Pablo Picasso

The son of an academic painter, Pablo Picasso was born in Malaga, Spain on October 25, 1881. When he was fourteen, his family moved to Barcelona, and Picasso enrolled in La Lonja to study fine arts. He was honored there with his first exhibition in 1900.

Four years later in 1904, Picasso moved to Paris, where he remained until 1947. Immersing himself in a highly artistic circle of friends, Picasso socialized with Guillaume Apollinaire, Max Jacob, Gertrude and Leo Stein, Ambroise Vollard and Berte Well. Artistically, Picasso’s time in Paris is characterized by different artistic periods and stages, the first stage being the blue period (1901-1904.) This period takes on a melancholic tone, as its main subject is Picasso’s depiction of the world of the poor. The following “Rose Period”, however, departs from this somber mood by moving towards less serious subjects, drawing material from subjects such as circus life. A whimsical quality is conveyed through the lighter colors Picasso used in the works from this time.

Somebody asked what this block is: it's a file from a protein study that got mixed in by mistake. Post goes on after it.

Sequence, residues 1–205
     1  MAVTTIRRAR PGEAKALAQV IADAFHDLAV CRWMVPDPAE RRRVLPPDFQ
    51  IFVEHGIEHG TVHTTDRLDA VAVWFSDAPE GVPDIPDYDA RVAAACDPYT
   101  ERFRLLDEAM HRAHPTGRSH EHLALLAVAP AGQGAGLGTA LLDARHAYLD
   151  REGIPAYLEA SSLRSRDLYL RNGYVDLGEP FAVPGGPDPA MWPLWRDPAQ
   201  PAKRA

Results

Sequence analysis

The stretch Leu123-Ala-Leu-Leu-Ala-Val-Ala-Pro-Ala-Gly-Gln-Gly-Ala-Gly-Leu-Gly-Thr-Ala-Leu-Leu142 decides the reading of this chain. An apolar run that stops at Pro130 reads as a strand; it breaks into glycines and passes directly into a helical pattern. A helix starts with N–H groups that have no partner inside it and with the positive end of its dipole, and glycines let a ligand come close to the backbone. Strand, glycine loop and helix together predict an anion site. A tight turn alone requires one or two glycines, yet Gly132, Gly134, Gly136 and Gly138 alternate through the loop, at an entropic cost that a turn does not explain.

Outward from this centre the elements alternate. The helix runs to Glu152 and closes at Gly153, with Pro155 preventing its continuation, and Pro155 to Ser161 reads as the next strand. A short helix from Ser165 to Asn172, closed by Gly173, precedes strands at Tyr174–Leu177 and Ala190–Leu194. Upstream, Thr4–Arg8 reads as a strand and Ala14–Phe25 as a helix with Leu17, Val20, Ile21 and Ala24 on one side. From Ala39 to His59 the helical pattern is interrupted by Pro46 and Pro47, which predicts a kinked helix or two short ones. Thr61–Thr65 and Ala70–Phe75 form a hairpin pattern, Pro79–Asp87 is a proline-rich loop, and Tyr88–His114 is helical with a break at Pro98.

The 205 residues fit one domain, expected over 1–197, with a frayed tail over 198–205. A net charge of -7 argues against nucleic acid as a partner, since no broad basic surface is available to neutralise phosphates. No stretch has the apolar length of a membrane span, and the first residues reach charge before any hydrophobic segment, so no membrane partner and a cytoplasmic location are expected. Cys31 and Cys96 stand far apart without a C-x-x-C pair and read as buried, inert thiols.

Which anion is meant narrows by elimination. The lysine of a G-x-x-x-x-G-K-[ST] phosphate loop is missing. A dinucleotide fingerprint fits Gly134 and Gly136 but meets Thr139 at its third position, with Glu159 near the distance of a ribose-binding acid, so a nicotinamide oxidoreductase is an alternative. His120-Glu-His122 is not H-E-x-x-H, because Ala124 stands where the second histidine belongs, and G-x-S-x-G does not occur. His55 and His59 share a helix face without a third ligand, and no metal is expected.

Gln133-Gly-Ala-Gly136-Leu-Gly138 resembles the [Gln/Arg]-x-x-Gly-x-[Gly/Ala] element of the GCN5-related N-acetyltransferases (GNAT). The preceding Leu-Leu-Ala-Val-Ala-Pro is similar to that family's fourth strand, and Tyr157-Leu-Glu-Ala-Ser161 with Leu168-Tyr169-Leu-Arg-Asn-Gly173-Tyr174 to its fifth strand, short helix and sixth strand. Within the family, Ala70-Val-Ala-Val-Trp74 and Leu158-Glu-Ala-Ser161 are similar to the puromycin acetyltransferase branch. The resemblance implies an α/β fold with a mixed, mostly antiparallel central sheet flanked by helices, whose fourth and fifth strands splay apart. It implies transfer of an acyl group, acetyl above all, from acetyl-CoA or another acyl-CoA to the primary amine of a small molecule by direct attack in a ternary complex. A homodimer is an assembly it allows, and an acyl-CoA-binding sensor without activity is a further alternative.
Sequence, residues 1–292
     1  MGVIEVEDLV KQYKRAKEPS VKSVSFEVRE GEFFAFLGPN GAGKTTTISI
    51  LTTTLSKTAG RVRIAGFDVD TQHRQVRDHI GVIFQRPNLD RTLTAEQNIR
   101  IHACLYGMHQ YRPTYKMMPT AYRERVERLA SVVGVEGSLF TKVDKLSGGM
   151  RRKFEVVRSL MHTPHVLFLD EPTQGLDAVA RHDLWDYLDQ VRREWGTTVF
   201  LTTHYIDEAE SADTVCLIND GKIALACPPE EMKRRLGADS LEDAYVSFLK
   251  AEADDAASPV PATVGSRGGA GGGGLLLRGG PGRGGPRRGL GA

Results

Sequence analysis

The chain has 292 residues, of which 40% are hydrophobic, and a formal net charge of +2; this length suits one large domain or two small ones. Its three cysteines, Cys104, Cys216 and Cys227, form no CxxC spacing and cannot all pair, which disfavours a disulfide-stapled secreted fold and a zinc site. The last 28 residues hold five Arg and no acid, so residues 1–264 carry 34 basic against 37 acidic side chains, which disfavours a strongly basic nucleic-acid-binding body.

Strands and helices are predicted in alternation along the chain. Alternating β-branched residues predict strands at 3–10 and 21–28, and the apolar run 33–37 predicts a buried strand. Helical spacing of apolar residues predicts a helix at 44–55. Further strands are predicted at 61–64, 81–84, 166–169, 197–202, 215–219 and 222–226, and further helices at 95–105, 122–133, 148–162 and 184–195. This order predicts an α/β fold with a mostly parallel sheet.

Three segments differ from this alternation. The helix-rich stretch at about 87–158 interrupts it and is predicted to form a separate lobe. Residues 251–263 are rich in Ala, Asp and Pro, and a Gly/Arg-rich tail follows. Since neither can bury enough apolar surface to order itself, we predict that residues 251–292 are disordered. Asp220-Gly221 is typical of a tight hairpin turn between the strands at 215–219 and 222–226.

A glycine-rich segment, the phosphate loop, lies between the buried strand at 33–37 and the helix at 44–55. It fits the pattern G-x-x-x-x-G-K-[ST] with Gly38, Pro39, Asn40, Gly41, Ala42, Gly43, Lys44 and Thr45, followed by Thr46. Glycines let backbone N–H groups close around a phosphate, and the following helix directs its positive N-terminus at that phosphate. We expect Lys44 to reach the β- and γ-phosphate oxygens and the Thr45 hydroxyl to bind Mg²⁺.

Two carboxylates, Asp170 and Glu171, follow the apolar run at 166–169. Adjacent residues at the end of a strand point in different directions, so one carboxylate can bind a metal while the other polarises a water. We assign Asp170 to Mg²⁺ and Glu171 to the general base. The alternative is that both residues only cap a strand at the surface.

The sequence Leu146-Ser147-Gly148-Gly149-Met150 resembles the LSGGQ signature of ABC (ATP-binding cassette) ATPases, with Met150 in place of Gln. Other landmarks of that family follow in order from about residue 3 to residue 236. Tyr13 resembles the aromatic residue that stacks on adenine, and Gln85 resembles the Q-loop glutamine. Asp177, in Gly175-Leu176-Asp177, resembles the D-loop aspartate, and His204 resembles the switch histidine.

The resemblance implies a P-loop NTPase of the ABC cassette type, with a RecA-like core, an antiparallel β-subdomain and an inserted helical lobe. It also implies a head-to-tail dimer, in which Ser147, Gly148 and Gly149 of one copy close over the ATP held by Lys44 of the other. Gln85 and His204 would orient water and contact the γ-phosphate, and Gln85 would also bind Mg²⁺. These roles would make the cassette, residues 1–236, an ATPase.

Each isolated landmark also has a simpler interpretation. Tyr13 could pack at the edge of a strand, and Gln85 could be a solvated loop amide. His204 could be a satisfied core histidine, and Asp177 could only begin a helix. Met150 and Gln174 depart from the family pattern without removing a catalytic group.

Picasso’s completion of Les Domiselles d’Avignon (1907), influenced by Cézanne and African Art, marks the beginning of his Cubist period. Conceived together with Georges Braque and Juan Gris, Analytic Cubism (1908-1913) is characterized by its harsh, intellectual style, using fragmented forms and distorted images. The following synthetic phase of Cubism (1912-1913) exchanges these stoic compositions for more representational, decorative designs. Cubism also introduced new techniques, such as collage and papier collé.

The thirties were an exciting time for Picasso, especially in 1932 when he held shows at Galerie Georges Petit in Paris and Kunthaus Zurich. This year also saw the publication of the first volume of Christian Zervos’ catalogue raisonné. This personal success, however, was darkened by the outbreak of the Spanish Civil War, and event Picasso responded to with the masterpiece Guernica (1937). The painting conveyed the stark anguish and brutality of war, and the attending critical acclaim resulted in an exhibition at the Museum of Modern Art in New York in 1939. More exhibitions followed, including one in 1955 at the Musée des Arts Decoratifs. In 1961, Picasso married Jacqueline Roque and the couple moved to Mougins, where Picasso spent the rest of his life. He passed away on April 8, 1973.